I have stumbled into an unusual object – well, a set of three, actually.
This is a set of the first edition German printing of Alexander Speltz’ Colored Ornament, printed in 1914, with text in English. It’s a three portfolio collection of full color plates, with an accompanying index/survey write-up for each portfolio. The thing is divided into Antiquities – mostly Greek and Roman, with a smattering of Pre-Columbian, plus some plates showing eastern Mediterranean art and decoration; Middle Ages – mostly Romanesque through Gothic, with some from Byzantium; and Modern – not particularly modern, it appears to cover early Renaissance up to pre-Empire.
Now before you hyperventilate and begin looking the thing up on the used book market, note that it is in extremely rough shape, and plates are missing. The Antiquities and Modern folios are each missing 4 or so, and the Middle Ages folio is missing about 10. The folio covers are crumbling, and the heavy paper to which each image is affixed is well on the march to being dust. It’s clear that someone cherry-picked pages to frame separately. In fact, the person I got this from said he was doing exactly that. Still, there’s plenty of good material here, and I do have the companion about/index volumes. And it was free.
Here’s a small sample of the roughly 150 plates that remain:
This is a very “hard artisan” focused work. There are just a couple of plates featuring textiles. Only one with embroidery. It’s mostly architectural ornament, ceramics, jewelry and other metal work, calligraphy and early printing, some furniture, glass, mosaics, and interior ornamentation. Not sculpture, not weapons, not hanging paintings. Still there’s a wealth of inspiration here.
I intend to keep these survivors together and ward them as well as I can given that I’m not an archival museum. I see folk selling individual plates from the thing, but even at the prices they are asking I’m not tempted in the least to break it up further. Local pals, if you are interested, drop me a note. A gentle viewing and photography session would not be out of question.
Wow! What a find!! These are the kinds of illustrations I can (and have) lingered over in appreciation and delight. Thankfully, many museums have their collections posted on line so I don’t have to deny myself. Thanks for sharing!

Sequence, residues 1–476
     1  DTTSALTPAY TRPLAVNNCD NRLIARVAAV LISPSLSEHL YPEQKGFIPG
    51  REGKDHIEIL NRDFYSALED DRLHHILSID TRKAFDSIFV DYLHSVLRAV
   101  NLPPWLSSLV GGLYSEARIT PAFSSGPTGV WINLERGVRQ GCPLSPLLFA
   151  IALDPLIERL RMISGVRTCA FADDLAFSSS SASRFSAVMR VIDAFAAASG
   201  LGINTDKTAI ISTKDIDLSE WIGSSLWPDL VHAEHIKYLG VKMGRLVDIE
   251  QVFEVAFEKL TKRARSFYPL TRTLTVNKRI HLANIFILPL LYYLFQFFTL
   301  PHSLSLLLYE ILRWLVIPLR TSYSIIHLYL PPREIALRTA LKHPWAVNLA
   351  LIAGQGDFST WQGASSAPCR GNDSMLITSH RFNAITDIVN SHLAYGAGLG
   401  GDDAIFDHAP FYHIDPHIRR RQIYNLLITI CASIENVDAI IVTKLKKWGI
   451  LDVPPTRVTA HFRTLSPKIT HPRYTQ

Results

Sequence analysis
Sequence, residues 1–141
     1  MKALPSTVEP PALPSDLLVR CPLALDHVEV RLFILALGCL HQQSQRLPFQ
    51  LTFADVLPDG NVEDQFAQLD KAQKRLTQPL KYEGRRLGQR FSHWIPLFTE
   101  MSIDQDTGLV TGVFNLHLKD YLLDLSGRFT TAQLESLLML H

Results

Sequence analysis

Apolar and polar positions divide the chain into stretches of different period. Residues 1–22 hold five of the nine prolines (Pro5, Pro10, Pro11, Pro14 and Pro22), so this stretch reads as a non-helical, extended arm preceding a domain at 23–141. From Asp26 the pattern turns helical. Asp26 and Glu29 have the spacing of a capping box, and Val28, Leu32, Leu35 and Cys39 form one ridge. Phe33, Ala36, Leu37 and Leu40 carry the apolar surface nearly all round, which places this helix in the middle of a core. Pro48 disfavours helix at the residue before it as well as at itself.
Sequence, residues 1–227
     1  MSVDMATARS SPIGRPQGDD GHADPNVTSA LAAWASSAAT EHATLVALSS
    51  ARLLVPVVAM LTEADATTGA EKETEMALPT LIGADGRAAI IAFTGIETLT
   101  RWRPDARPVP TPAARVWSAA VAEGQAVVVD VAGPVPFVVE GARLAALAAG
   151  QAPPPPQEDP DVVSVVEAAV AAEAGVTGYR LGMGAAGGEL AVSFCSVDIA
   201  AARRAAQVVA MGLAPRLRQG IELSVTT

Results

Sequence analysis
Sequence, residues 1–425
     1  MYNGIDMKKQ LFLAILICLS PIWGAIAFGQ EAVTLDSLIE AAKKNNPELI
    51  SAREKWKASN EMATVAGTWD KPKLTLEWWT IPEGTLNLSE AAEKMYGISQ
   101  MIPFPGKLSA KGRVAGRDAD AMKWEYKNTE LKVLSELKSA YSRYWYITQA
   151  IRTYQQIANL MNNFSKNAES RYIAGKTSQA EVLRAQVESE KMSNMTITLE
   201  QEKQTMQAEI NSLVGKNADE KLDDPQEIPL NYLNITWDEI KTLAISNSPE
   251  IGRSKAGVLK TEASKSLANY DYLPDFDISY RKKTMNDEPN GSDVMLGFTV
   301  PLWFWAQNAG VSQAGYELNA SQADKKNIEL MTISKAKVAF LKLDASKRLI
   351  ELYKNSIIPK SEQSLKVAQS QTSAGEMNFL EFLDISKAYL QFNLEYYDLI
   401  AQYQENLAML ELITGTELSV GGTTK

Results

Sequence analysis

OH WOW!!! What a wonderful acquisition! Love the detail and the colors! So glad that you are keeping them together and wish I lived closer so that I could drool over them in person! I tell those accursed dealers at shows who sell the individual plates torn out of book that I would rather buy the complete book, and they tell me that no one is interested in books anymore!
Thanks for sharing!
What an amazing find… 😁😁😁😍 Emily
Oh, well found! Not only is it preserved from further gross violations, it is in the hands of someone who will use it as a source of inspiration as the author intended.
What an awesome score. It may be in poor shape, but will probably survive longer in your care.
forgot to finish that thought… it will survive longer in your care than with those who’d want it for separating it. If you don’t have full archive materials, wrapping them in a sheet and putting in a nice dark spot is probably the best thing you could do. But I’m fairly sure you already know that.
I had no idea people cut apart books 😲 How awful!
Yes. Sadly it’s pretty common. Sometimes a book is so damaged that little else can be done with it, but more often people buy these folios (unbound books) or even volumes in solid bindings, then separate out the illustrations to sell them framed or unframed. Etsy is full of them.
And there have been quite a few scandals in which people have gone into libraries, and either took books out and then razored out choice pages, or sat with them in the stacks, surreptitiously removing the visual material. Some research libraries now have internal surveillance or use other user-registration and materials inspection procedures to combat the problem.